Among the major changes that swept through the music industry during the mid-nineteenth century, one that has received little attention is how musical performances were managed and directed. Yet this was arguably the most radical change of all: from a loose control shared between the violin-leader, musical director and maestro al cembalo to a system of tight and unified control under a professional conductor-manager. This process brought with it not only baton conducting in its modern form, but also higher standards of training and discipline, a new orchestral lay-out and a more focused rehearsal regime. The resulting rise in standards of performance was arguably the greatest achievement of English music in the otherwise rather barren mid-Victorian period. The key figure in this process was Michael Costa, who built for himself unprecedented contractual powers and used his awesome personal authority to impose reform on the three main institutions of mid-Victorian music: the opera houses, the Philharmonic and the Sacred Harmonic Society. He was a central figure in the battles between the two rival opera houses, between the Philharmonic and the New Philharmonic, and between the venerable Ancient Concerts and the mass festival events of the Sacred Harmonic Society. Costa’s uniquely powerful position in the operatic, symphonic and choral world and the rapidity with which he was forgotten after his death provide a fascinating insight into the politics and changing aesthetics of the Victorian musical world.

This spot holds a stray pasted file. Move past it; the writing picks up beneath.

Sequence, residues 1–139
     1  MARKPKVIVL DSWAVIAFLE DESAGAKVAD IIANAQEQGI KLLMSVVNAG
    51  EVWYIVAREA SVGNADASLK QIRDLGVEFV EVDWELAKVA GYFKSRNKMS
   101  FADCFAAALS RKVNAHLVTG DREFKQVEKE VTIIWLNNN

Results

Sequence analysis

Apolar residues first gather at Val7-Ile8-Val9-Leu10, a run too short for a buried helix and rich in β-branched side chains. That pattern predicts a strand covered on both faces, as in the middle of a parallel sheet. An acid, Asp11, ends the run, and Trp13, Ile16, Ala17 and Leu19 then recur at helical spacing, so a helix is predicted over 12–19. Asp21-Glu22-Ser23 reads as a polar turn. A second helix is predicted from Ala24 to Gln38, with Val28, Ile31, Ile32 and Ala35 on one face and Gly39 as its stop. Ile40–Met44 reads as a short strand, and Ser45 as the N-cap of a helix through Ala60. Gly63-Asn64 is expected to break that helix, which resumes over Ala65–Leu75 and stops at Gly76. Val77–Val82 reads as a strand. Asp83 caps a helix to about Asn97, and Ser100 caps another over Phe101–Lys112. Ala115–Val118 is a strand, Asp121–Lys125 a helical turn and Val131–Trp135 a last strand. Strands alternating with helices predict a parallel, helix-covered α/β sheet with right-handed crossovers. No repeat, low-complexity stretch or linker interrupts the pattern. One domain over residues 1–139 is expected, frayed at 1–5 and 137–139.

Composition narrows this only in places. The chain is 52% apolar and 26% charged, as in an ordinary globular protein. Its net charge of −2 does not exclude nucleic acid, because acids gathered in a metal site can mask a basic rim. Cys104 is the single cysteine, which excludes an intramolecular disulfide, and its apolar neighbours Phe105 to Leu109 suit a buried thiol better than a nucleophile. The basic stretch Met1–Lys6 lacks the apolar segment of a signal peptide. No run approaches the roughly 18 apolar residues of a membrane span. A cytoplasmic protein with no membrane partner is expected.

'This is a learned survey of how the conductor gained importance and control, and uses Costa as an example. It dissects his relationships with concert-giving organisations throughout the country'
- Christopher Morley, Birmingham Post
"This is an important and timely book."
Costa's background and personality. Conducting prior to 1830. Costa's system. Costa as a conductor. Opera. Concerts, oratorios and festivals. Costa's reputation and legacy. Reassessment.
So much of our ‘common’ knowledge of music in nineteenth-century Britain is bound up with received ideas. This series disputes their validity through research critically reassessing our perceptions of the period. Volumes in the series cover wide-ranging areas such as composers and composition; conductors, management and entrepreneurship; performers and performing; music criticism and the press; concert venues and promoters; church music and music theology; repertoire, genre, analysis and theory; instruments and technology; music education and pedagogy; publishing, printing and book selling; reception, historiography and biography; women and music; masculinity and music; gender and sexuality; domestic music-making; empire, orientalism and exoticism; and music in literature, poetry, theatre and dance.